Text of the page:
Why militaries are yet to get excited about the tiltrotor/coaxial concept
At a gathering of the best and brightest of any industry, you would expect conversation to gravitate towards the expected benefits next-generation technology is likely to bring.
Curiously, this was not really the case during the International Military Helicopter conference held in London in mid January, where it seemed delegates were more interested in learning about mid-life upgrades of in-service aircraft than the co-axial/tiltrotor designs that may enter service in the 2030s.
In many ways, this is not surprising. One thread of the conference was doing business during the age of austerity, particularly since many of the emerging economies that were touted as customers of the future have been knocked back by the low oil price.
The other theme was the dynamically evolving nature of today’s threats. Instability in Afghanistan, the Central African Republic, the Democratic Republic of Congo, Iraq, Libya, Somalia, South Sudan, Syria, Ukraine and Yemen has cast a long shadow over the international community’s ability to act to resolve such conflicts.
Against such a backdrop, conversations did not stray far from the question of how to keep current forces relevant in the face of budgetary pressures.
Among the countries trying to do more with less was Canada, which itself has had issues getting a relatively new platform into service in the form of the CH-148 Cyclone and is now looking to extend the life of its CH-146 Griffon and CH-149 Cormorant.
Meanwhile, France is working on an enhancement to its Tiger attack helicopter it describes as the Tiger Mk 2, which adds laser-guided rockets and improvements to the avionics and night vision capabilities.
Any upgrade of this nature rests on the four countries settling on a common missile for the Tiger rather than the current situation which sees Australia and France employ the Hellfire, Germany the PARS 3 LR and Spain the Spike-ER.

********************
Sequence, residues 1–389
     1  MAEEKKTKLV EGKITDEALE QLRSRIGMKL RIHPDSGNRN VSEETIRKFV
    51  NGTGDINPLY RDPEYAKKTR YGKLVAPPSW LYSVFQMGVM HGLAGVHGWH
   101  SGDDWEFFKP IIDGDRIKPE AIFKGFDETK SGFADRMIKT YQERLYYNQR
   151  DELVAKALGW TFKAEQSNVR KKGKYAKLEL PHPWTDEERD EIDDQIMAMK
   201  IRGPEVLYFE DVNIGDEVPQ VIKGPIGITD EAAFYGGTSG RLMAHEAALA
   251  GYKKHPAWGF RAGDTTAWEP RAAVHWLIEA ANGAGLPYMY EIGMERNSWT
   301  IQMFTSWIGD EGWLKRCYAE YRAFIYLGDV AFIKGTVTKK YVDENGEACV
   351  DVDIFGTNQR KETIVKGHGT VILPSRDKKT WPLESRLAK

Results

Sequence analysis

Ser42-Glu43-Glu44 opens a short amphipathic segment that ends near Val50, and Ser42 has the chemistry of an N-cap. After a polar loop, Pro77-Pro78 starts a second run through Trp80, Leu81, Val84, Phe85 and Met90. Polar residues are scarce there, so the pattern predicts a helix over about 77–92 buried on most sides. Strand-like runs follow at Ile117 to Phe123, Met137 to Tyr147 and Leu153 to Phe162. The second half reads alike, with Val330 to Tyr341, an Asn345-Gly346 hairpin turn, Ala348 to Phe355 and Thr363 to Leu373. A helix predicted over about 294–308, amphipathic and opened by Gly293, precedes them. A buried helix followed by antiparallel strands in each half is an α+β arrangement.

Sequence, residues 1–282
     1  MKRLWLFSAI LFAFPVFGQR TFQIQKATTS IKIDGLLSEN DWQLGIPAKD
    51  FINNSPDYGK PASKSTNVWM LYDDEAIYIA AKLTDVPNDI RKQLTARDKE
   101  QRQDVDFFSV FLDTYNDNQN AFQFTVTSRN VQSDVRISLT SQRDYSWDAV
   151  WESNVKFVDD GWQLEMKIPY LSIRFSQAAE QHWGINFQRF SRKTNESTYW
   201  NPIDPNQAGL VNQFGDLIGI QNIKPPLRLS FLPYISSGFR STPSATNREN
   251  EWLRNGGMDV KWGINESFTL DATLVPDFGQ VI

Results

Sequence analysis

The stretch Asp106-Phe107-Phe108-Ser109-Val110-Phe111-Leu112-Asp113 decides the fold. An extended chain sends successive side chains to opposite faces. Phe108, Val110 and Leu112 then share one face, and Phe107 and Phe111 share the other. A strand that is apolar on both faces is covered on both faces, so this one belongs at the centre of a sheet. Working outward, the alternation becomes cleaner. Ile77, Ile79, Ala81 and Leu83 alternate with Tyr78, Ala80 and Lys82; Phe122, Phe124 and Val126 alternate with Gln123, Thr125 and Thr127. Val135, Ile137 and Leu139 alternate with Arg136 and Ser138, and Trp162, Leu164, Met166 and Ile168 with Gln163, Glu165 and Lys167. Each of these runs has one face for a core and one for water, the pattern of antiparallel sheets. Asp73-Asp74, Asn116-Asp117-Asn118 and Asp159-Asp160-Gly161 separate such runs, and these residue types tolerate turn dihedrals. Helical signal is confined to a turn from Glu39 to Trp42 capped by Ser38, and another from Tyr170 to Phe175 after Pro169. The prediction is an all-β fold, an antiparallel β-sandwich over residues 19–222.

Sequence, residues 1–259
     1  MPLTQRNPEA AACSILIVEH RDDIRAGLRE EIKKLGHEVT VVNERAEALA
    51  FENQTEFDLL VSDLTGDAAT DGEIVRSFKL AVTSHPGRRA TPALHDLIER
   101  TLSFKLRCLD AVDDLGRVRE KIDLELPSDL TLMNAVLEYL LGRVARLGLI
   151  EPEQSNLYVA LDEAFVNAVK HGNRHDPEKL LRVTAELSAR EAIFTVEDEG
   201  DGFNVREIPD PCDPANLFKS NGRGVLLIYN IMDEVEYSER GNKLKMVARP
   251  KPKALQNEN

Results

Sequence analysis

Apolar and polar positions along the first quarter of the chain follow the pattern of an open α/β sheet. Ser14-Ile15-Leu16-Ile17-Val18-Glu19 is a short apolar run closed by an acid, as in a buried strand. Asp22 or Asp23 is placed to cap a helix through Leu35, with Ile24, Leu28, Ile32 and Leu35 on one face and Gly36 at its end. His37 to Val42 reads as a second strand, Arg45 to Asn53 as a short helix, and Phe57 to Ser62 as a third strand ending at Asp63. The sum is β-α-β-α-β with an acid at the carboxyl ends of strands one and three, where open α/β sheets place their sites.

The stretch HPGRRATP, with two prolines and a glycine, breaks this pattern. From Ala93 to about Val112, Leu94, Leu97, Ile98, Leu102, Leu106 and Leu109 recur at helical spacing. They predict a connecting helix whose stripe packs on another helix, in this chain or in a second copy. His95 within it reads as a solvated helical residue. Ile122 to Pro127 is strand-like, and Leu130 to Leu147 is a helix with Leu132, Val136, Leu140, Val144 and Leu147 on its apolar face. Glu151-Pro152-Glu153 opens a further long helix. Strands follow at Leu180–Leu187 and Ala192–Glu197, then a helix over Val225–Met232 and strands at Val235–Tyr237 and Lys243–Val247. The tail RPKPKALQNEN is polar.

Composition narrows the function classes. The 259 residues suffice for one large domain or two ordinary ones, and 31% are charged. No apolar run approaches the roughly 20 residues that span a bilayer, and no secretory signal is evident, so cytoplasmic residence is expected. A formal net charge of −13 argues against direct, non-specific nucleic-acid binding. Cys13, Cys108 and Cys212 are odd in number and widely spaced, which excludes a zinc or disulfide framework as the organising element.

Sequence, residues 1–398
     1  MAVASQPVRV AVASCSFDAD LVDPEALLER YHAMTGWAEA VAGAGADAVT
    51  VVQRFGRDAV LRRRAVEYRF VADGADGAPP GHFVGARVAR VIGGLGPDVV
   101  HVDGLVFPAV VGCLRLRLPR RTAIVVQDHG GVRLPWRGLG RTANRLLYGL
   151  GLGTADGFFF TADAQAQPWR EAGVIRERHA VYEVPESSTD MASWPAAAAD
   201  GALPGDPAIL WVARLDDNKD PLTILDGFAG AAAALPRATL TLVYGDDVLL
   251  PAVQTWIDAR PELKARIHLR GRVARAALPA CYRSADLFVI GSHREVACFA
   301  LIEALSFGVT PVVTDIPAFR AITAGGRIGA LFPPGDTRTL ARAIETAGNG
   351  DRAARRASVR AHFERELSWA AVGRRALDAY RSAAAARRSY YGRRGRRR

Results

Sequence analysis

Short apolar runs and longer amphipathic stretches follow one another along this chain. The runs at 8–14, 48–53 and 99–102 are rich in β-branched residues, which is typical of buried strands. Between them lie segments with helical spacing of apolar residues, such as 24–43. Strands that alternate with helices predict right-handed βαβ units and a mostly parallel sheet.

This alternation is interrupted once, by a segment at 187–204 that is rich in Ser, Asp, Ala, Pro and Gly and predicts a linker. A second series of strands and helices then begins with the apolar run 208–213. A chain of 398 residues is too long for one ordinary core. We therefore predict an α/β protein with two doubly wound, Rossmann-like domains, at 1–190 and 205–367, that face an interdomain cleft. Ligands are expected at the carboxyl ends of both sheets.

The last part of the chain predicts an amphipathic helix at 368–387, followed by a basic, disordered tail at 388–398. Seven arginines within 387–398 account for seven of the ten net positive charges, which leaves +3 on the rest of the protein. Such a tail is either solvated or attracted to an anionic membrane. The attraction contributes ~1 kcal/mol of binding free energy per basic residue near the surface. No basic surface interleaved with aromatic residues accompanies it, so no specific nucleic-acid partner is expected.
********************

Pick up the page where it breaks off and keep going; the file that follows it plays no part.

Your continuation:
Set for the 2023 time frame, the global upgrade of the Tiger Mk 3 will include improvements to ‘the entire digital space’, providing further enhancements to the avionics and communications suite.
One industry presentation at the conference that laid out a convincing argument for how legacy platforms can be given a new lease of life came from BLR Aerospace.
Dave Marone, VP of sales and marketing, outlined the disproportionate cost to smaller nations – in fact to most nations apart from the US – of buying a new attack helicopter fleet.
With some 320 AH-1 Cobra attack helicopters still in service around the world, BLR has devised a comprehensive upgrade it has dubbed the AAH-1, which reduces the weight of the aircraft, increases engine power and adds BLR’s FastFin modification.
The latter brings a 15% increase in tail rotor authority, allowing 1,500lb/680kg more OGE hover in winds up to 30kt.
The company is also offering a range of performance improvements, navigation/communication upgrades and weapons and fire management systems based on customer needs. We will feature the solution in more detail in the next issue of Defence Helicopter.
I have written before about the progress of the JMR/FVL effort, and do enjoy the rolling debate about the merits of the tiltrotor versus the co-axial compound.
However, there does seem to be increasing scepticism whether the programme will come to fruition or be adopted by other countries beyond the US given the likely cost. In which case, affordable upgrades and life extensions will become even more of a hot topic.